Adiponectin, one of the most abundant peptides secreted specifically by adipocytes, has been shown to improve insulin resistance and inflammatory status (4). Adiponectin reduction plays a central role in obesity-related diseases, including insulin resistance, type 2 diabetes mellitus (T2DM), lipid homeostasis, and cardiovascular disease (5, 6, 7). Accumulating evidence shows that higher adiponectin levels are associated with lower risk of T2DM (8). A meta-analysis including 15 case–control studies indicated that the circulating level of adiponectin might decrease before the onset of diabetes (9). Therefore, it is important for investigators to have a thorough understanding of adiponectin and its effect on pre-diabetes and diabetes.

However, evidence for the effect of adiponectin on pre-diabetes or diabetes in diverse populations is sparse. A cohort study conducted in elderly patients in Korea suggested that obesity, insulin resistance, and aging are closely related (10). That study found that plasma adiponectin levels were lower in elderly pre-diabetes individuals than those with normal glucose tolerance. A 3-year prospective study enrolled 175 overweight and obese subjects found that the plasma adiponectin concentration was a sensitive predictor of impaired fasting glucose (IFG) (11). However, the number of subjects was relatively small. Another study included 91 middle-aged Asian Indian subjects observed that a low adiponectin concentration was a strong predictor of future development of diabetes in subjects with impaired glucose tolerance (IGT) (12). However, their conclusions might not be applicable to other populations.

Cluster analysis refers to a group of multivariate mathematical algorithms, which has the advantage of producing a more adjustable classification and is widely used in clinical research statistical analysis (13, 14). The present study enrolled 3300 individuals with the aim of exploring the effect of adiponectin in different characteristic groups using cluster analysis on pre-diabetes and newly diagnosed diabetes. Further analysis of subgroups might provide new evidence linking adiponectin to diabetes development.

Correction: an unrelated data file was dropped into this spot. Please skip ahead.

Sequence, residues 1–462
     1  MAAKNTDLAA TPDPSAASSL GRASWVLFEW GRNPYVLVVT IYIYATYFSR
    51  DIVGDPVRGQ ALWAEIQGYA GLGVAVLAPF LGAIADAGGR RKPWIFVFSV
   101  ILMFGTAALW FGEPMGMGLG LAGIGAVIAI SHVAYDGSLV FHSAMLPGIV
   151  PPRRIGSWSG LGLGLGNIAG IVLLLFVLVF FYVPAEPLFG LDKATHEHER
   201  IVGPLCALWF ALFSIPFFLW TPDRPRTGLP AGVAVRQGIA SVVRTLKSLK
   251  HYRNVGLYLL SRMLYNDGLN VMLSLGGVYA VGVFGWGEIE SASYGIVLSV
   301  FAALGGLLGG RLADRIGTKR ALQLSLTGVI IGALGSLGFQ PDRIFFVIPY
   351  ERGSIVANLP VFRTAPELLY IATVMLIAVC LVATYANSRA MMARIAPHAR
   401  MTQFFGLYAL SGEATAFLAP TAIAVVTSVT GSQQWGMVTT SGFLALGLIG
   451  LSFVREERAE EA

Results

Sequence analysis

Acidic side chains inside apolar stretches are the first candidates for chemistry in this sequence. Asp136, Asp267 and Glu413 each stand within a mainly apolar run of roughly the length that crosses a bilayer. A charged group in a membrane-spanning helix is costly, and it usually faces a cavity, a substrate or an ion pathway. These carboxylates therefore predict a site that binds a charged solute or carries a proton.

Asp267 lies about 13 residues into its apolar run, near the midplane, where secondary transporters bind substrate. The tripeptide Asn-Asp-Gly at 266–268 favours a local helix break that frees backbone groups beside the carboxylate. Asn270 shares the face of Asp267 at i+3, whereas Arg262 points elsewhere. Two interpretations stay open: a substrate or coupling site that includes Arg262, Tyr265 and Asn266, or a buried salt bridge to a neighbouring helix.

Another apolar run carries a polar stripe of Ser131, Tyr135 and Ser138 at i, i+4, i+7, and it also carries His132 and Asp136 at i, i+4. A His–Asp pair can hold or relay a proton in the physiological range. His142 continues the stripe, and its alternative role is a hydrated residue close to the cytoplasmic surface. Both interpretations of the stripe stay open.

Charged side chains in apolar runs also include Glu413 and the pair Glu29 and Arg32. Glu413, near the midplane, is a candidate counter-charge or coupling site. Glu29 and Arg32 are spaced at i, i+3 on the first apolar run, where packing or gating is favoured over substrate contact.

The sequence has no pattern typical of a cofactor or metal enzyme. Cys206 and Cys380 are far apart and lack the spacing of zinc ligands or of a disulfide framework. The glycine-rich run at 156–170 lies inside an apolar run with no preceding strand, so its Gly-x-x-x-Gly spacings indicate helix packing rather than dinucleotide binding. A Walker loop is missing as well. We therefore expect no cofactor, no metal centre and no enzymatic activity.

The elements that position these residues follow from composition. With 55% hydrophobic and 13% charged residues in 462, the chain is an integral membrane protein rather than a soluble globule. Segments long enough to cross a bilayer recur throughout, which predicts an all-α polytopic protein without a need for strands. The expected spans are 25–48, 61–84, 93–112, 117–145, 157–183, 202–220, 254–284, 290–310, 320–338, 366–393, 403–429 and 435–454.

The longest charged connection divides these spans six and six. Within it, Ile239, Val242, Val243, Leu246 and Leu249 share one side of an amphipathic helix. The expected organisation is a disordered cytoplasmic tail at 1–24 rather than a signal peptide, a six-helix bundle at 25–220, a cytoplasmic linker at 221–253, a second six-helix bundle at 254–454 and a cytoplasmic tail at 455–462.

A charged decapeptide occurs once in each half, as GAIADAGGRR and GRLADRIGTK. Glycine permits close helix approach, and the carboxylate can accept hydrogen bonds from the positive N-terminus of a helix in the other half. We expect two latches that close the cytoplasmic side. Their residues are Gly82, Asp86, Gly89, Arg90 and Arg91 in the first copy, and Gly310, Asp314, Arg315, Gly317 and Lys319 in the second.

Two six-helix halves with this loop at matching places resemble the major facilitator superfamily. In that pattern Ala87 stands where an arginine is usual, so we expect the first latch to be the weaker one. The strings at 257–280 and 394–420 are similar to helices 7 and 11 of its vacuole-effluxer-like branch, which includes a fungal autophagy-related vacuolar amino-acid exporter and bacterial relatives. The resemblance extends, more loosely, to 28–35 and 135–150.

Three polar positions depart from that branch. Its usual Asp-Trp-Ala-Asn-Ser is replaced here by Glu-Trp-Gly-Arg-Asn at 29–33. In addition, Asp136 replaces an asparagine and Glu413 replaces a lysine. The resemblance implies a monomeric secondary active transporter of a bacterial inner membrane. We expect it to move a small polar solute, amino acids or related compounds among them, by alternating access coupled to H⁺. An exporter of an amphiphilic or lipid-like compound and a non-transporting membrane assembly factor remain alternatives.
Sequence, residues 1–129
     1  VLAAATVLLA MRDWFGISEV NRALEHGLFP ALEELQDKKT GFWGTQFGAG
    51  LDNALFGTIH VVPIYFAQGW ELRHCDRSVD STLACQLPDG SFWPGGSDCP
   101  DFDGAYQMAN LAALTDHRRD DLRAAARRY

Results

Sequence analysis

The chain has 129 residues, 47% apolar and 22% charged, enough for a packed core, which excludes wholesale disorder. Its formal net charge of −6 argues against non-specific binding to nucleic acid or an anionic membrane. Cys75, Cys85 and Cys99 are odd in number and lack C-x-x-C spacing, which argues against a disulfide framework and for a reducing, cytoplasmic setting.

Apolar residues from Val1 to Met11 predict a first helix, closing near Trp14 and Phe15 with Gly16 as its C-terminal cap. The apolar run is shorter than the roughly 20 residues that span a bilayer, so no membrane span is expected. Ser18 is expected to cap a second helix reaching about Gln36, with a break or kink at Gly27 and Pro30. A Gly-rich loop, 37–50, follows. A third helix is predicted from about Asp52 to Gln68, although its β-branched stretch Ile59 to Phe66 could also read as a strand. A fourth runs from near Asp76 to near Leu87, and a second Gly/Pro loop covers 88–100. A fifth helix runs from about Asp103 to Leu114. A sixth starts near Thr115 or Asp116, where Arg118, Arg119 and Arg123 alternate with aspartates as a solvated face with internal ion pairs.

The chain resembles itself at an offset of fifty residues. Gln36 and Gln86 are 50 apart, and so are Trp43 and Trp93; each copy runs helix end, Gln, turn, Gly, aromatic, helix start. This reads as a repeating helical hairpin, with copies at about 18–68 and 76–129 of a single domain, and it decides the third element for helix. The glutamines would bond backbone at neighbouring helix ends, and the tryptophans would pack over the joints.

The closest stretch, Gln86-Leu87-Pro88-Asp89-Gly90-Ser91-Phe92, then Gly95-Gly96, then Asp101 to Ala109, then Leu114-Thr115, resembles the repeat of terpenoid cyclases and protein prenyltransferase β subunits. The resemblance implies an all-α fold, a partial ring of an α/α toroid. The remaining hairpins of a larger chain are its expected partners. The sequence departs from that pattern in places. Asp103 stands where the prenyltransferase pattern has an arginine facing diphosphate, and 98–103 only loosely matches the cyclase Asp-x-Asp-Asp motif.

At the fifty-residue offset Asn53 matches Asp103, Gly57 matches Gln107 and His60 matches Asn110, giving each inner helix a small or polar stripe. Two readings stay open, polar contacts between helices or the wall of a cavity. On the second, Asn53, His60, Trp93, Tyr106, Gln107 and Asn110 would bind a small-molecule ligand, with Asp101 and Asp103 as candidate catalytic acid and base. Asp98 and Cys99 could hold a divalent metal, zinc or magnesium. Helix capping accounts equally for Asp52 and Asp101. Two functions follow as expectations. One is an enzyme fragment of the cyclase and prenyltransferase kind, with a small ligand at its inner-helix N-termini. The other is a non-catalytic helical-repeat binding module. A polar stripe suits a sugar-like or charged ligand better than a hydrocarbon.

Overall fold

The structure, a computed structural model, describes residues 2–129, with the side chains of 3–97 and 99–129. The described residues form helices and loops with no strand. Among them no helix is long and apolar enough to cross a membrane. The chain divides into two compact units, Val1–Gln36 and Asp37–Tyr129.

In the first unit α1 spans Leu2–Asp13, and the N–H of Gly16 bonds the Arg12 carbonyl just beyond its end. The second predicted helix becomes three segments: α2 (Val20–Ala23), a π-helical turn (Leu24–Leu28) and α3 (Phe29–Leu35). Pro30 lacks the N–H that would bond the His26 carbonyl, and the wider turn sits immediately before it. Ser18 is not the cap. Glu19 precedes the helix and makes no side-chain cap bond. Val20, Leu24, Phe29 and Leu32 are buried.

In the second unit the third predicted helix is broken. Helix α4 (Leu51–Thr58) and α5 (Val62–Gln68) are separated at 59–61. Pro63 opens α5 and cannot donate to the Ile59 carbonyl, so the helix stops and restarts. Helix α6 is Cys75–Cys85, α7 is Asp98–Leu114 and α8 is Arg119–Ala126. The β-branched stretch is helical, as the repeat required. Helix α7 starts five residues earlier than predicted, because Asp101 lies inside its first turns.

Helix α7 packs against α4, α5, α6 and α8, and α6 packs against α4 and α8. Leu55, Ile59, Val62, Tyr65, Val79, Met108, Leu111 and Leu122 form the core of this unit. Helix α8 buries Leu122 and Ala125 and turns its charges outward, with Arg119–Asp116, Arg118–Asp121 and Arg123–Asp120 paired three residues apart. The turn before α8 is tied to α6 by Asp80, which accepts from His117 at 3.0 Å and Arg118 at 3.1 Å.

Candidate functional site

Subjects and methods

Study populations

The study population was collected by a cross-sectional study in Guangzhou and Dongguan, China, from December 2018 to October 2019. The enrolled study population in Guangzhou came from the Sun Yat-sen Memorial Hospital of Physical Examination Center. Meanwhile, the population recruited in Dongguan mainly came from communities (Dalingshan community, Zhangmu community, Daojiao community, Qiaotou community, Songshan lake community, Qingxi community, Zhang’an community, and Meinian Physical Examination Center). Subjects that met the inclusion criteria were asked to complete a questionnaire, and were subjected to physical examination, laboratory tests, and serum adiponectin measurement. Inclusion criteria: (i) 18–70 years old; (ii) Chinese Han population; and (iii) residents who lived in those regions for ≥3 years. Exclusion criteria: (i) Pregnant women; (ii) those who suffer from severe diseases, such as hepatic cirrhosis, chronic renal failure, or evident cardiac insufficiency; (iii) those with a history of infectious disease; (iv) those with a history of malignant tumors; (v) those with diagnosed as hypertension, hyperlipidemia, or cardiovascular and cerebrovascular diseases; (vi) those with other endocrine diseases; (vii) those with mental illness; and (viii) those who have used drugs, dietary supplement, functional foods for a long time (≥3 times/week for more than 3 months).

During the recruitment phase, 3866 individuals signed the informed consent form and were enrolled for this study. Subjects who failed to provide blood glucose information (n = 171) and with a history of diabetes (n = 13) were excluded. In addition, individuals who failed to provide information (age, n = 10; fasting blood glucose (FBG), n = 2; BMI, n = 43; systolic blood pressure (SBP), n = 105; triglycerides (TG), n = 14; waistline, n = 195, or body fat, n = 218) were excluded from this analysis dataset. A total of 3300 subjects were included in the final data analyses. Written informed consent was obtained from each participant before data collection.

Measurements

All participants completed anthropometrical measurement with the assistance of trained staff using standard protocols. The height and weight are recorded separately, and the units were accurate to 0.1 cm and 0.1 kg, respectively. Participants were required to remove their shoes and wear light indoor clothing during the measurement. BMI was calculated as weight in kilograms divided by height in meters squared (kg/m2). Waist circumference (WC) was measured at the umbilicus and the hipline was measured at the widest level over the great trochanters with measurement accuracy of 0.1 cm. Blood pressure measurements were obtained using an automated electronic device (OMRON, Omron Company, Shanghai, China) after the subjects had sat for 5 min.